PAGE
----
Environmental Factors

One of the primary reasons for a high pH is the presence of mineral-rich water sources. When the pool is filled with water that contains high levels of minerals such as calcium and magnesium, the pH level tends to rise. These minerals are known as “hard water,” and they can cause an increase in alkalinity, resulting in a high pH. This is especially common in areas where the local water supply is naturally high in minerals.

Another environmental factor that can contribute to a high pH in a swimming pool is the surrounding vegetation such as trees and plants that release organic compounds into the air, which can find their way into the pool water through rainfall or wind. These organic compounds, such as leaves, pollen, and other debris, can react with the pool water and cause a rise in pH levels. Additionally, if there are excessive amounts of dust or dirt in the surrounding area, it can introduce contaminants into the pool water and contribute to a higher pH.

Pool Water (Internal) Temperature Changes

One of the main reasons why temperature changes affect the pH of a swimming pool is because of the relationship between temperature and the rate of chemical reactions. As the temperature increases, the rate of chemical reactions also speeds up, therefore any chemicals added to the pool, such as chlorine or pH adjusters, will react more quickly and potentially be used up faster. When the temperature rises, bacteria and other contaminants in the pool also multiply at a faster rate. 

To combat this, you may need to add more chlorine to maintain proper sanitation. However, higher temperatures cause chlorine to dissipate more rapidly, leading to decreased effectiveness and bacteria to thrive in the pool water.

Another way temperature changes can influence pH levels is through evaporation. Warmer temperatures lead to increased evaporation rates, which in turn can cause the concentration of minerals and other substances in the pool water to rise. This increased concentration can result in scaling on pool surfaces and equipment, as well as an increase in alkalinity.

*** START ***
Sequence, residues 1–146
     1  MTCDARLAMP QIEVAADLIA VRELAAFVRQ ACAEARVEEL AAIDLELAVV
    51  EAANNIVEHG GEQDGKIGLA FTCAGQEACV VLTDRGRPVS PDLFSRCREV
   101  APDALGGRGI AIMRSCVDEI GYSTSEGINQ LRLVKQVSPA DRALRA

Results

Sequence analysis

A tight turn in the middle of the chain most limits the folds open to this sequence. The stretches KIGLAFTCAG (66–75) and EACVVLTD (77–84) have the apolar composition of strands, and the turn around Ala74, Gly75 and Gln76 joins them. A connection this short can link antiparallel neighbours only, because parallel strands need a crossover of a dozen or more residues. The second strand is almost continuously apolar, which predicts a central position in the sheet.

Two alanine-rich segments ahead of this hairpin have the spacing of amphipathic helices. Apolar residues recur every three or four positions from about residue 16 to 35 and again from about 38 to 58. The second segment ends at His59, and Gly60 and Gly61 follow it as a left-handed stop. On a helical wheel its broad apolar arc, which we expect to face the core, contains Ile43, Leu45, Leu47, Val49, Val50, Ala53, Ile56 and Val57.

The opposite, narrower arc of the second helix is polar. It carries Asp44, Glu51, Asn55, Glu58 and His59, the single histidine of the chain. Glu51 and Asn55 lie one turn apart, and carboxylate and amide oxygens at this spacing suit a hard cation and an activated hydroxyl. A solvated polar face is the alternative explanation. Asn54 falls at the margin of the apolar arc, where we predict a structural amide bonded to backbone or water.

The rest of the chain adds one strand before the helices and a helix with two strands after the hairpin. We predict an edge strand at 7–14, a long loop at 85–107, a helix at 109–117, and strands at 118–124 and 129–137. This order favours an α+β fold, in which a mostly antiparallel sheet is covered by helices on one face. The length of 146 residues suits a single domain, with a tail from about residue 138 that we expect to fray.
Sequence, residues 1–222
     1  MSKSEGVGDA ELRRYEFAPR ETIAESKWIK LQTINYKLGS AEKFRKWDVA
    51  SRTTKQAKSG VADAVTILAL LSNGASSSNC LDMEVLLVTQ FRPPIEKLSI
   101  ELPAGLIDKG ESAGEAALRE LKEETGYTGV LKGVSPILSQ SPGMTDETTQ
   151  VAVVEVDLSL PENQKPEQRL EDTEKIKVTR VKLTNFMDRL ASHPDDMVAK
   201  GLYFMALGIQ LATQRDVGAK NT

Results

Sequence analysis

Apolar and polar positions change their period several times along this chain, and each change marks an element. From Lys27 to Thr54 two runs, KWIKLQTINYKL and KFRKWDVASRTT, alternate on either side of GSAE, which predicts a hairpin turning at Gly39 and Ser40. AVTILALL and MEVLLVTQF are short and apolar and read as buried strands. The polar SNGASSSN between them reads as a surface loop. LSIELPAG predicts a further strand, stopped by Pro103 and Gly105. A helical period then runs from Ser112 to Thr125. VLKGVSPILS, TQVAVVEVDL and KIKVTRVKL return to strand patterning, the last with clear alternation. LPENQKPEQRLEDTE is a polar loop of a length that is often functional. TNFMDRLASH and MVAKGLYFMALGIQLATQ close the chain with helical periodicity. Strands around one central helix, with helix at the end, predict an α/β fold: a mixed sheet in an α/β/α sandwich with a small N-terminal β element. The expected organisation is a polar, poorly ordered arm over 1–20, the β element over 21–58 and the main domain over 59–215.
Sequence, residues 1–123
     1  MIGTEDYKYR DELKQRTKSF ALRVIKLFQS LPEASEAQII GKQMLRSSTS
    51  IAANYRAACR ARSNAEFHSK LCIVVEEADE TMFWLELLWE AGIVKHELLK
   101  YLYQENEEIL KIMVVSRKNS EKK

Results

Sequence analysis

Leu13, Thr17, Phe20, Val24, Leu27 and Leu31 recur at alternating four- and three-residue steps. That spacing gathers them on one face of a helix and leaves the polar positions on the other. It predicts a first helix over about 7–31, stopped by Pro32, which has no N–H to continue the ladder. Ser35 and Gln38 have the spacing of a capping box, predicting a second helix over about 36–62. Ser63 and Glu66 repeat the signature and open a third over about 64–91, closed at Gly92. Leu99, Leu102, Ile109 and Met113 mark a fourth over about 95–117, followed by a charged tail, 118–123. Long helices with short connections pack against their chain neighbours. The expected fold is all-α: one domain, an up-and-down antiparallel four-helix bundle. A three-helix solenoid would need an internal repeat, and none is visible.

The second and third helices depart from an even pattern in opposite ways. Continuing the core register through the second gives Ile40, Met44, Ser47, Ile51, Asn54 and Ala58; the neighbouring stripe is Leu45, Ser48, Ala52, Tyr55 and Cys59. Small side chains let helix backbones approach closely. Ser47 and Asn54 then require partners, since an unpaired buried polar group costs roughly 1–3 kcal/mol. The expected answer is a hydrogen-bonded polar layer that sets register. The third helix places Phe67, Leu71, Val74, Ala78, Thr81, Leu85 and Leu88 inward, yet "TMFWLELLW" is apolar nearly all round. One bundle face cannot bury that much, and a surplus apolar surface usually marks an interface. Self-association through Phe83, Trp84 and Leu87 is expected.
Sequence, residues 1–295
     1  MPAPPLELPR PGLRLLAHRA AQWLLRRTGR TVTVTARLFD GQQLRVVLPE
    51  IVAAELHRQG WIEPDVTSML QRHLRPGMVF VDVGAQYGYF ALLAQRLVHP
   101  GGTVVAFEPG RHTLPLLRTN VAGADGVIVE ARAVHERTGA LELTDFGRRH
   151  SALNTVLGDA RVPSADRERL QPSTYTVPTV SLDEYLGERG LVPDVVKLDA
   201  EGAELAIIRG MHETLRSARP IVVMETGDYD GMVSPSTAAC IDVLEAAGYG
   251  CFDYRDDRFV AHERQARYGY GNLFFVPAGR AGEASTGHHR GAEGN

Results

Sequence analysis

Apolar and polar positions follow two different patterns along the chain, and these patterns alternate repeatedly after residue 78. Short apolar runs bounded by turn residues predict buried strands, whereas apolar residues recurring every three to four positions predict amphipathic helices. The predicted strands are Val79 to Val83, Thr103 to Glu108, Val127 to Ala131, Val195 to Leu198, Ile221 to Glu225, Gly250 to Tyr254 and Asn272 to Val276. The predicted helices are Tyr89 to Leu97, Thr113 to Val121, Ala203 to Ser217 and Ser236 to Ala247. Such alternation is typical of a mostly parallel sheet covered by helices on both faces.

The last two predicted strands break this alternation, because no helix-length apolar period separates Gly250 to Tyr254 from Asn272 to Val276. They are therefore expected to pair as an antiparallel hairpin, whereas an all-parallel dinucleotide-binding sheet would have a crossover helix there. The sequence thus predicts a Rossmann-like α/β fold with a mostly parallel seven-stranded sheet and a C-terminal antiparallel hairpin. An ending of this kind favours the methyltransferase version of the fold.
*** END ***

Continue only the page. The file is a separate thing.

Whether you have an inside or outside swimming pool, a preventative method to decrease evaporation rates is to use a pool cover when the pool is not in use. Pool covers not only reduce evaporation rates, but they also help to maintain chemical balance in pools.

External Temperature Changes

Another factor to consider is during periods of hot weather. During hot weather, people tend to spend more time in the water to cool off. This increased usage leads to more contaminants being introduced into the pool, such as sweat, sunscreen, body oils, and possibly, urine. These substances can alter the chemical balance of the water, leading to a high pH in a swimming pool.

To prevent temperature-related pH issues in a swimming pool, we recommend regularly testing the temperature with a temperature sensor alongside testing the alkalinity levels. 

Problems With High pH In A Swimming Pool

When the pH of pool water is too high, the effectiveness of chlorine and other sanitizing chemicals is compromised. This can lead to inadequate disinfection, allowing harmful bacteria and algae to thrive. Consequently, swimmers may be at a higher risk of waterborne illnesses and infections.

High pH can also contribute to the formation of cloudy water in pools. This is often due to the precipitation of calcium carbonate, a result of the interaction between high pH and calcium hardness. Cloudy water not only affects the aesthetic appeal of the pool but also indicates an imbalance in water chemistry.

Another issue is scaling and corrosion. High pH levels can lead to the formation of scale deposits on pool surfaces and equipment. Scaling occurs when minerals in the water, such as calcium and magnesium, precipitate out of the solution and adhere to surfaces. Over time, these deposits can cause damage to the pool walls, plumbing, and equipment. 

Additionally, high pH can corrode metal components, leading to further deterioration.

Have you ever jumped into a swimming pool and immediately felt the sting of chlorine in your eyes? Or maybe you’ve noticed that the water feels a bit too harsh against your skin. That is because high pH in a swimming pool can cause skin and eye irritations. Swimmers may experience dryness, itching, and redness of the skin, as well as eye discomfort and irritation when pH levels spike in the water.